Your question points towards the importance of paying particular attention as to how authors choose to end their works and how the ending in particular relates to the overall theme or message of the story as a whole. Let us analyse therefore the last sentence of this great short story:
His face was dark grey and his back stiff, as if he's just had an injection of iron, and my stomach kind of fell as I felt how hard the world was going to be to me hereafter.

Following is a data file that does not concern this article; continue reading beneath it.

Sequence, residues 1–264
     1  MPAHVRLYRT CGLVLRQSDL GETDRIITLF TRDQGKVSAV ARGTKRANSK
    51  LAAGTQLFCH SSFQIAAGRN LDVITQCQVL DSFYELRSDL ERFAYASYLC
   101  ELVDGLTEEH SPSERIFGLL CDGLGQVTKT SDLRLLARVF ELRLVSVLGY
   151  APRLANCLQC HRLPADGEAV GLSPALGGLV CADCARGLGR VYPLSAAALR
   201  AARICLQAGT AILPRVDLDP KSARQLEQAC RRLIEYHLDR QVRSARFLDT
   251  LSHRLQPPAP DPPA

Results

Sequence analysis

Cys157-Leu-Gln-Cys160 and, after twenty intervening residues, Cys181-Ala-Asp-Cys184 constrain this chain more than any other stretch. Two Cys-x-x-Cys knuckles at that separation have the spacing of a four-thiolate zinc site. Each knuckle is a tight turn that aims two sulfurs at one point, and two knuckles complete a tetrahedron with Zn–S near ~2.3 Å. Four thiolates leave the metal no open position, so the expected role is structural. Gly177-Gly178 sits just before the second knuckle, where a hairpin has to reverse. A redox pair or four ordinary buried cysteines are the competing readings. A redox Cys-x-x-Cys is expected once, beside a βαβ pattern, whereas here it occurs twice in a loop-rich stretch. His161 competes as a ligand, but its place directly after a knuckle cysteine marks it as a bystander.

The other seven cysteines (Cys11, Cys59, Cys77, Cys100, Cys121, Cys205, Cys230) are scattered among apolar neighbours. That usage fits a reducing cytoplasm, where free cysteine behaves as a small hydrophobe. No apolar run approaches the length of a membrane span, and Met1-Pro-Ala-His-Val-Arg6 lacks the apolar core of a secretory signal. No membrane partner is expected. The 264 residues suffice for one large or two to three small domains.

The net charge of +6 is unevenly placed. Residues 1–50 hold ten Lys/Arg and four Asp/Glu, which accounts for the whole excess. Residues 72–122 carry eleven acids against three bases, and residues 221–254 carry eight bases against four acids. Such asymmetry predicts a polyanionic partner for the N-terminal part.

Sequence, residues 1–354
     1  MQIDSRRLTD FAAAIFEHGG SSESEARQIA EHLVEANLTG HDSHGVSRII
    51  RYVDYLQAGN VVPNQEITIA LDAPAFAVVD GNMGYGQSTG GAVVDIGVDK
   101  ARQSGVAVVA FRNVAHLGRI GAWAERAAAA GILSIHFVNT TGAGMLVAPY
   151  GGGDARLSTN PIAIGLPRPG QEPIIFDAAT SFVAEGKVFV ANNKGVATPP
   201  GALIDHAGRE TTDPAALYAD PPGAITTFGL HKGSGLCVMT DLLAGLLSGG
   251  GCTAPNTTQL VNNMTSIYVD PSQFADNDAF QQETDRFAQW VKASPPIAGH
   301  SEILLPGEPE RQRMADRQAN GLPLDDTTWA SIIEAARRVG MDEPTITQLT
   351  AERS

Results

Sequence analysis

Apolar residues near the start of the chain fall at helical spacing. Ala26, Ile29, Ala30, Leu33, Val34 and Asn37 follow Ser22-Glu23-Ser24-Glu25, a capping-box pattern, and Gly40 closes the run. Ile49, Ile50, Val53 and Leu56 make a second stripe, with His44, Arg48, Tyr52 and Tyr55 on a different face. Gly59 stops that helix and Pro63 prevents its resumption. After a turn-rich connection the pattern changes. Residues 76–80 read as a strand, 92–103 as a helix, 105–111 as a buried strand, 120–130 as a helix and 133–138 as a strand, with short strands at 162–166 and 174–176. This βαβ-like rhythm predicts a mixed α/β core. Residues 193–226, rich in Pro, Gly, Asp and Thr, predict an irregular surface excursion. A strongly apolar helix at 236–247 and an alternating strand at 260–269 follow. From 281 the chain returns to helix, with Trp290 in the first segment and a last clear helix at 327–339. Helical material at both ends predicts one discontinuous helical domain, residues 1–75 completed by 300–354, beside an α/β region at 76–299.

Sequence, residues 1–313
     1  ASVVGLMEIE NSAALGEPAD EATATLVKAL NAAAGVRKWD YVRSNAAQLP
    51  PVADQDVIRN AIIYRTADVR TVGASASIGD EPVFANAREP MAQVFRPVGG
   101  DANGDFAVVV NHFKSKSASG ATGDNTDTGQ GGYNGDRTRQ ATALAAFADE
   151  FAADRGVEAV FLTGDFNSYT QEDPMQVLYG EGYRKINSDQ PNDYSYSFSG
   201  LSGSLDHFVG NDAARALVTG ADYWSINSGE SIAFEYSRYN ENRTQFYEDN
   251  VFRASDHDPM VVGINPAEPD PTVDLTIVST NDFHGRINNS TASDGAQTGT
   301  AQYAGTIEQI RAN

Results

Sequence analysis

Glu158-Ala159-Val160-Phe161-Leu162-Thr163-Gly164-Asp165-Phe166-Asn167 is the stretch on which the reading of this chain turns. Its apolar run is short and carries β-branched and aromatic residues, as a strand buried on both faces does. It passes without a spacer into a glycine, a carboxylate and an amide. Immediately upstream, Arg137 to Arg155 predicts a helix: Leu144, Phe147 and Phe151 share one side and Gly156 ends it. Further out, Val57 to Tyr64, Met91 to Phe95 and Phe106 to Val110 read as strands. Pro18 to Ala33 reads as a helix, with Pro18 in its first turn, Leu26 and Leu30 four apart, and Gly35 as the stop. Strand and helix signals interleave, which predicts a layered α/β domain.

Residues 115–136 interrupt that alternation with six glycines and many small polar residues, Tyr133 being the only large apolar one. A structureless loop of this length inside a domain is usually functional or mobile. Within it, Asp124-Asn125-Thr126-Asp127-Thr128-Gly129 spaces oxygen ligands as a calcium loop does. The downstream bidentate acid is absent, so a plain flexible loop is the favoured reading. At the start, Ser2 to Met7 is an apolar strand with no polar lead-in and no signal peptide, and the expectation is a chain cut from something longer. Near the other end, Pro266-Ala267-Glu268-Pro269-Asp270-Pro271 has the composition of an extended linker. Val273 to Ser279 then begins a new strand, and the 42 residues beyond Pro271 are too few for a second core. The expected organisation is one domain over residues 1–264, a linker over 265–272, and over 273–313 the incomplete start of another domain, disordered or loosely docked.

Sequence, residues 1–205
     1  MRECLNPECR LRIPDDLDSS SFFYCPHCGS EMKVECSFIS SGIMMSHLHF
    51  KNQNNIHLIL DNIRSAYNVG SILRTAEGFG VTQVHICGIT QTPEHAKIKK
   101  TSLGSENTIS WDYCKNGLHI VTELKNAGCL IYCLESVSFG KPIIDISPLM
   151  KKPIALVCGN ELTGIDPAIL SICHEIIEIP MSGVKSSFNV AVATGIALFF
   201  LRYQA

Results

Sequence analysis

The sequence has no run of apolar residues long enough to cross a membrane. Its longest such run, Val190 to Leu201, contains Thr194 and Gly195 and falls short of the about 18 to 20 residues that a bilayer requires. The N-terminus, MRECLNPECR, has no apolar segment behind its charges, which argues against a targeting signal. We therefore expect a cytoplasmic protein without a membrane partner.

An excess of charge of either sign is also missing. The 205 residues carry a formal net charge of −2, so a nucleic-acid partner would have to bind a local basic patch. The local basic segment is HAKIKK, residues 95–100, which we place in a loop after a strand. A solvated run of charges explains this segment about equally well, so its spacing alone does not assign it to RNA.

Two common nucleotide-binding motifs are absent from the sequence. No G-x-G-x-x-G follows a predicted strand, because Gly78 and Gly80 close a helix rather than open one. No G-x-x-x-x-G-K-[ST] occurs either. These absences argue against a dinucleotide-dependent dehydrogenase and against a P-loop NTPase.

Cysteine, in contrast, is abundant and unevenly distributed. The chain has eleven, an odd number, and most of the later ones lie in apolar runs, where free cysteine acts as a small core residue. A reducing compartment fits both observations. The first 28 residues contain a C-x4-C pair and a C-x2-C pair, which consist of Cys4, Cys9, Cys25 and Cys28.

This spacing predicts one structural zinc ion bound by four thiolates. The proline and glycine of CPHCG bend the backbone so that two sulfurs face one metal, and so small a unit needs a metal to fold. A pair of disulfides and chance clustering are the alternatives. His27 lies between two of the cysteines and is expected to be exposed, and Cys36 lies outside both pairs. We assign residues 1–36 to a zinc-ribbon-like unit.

Sammy has just made a stand for his own personal beliefs and values by walking out of his job because of the way his boss, Lengel, treated the girls who came into the store in their bikinis. As he walks away, Sammy looks back and describes Lengel, emphasising his stiffness, as if he "just had an injection of iron." This triggers off an epiphany for Sammy as he recognises how hard life is going to be for him if he carries on choosing to follow his own values and principles, which will put him in conflict with the world's values and principles, perhaps captured in the unyielding description of Lengel's back. Thus the ending is important because it captures the coming-of-age nature of this story and the age-old dilemma of being true to ourselves or following the ways of the world and the consequences of such a decision.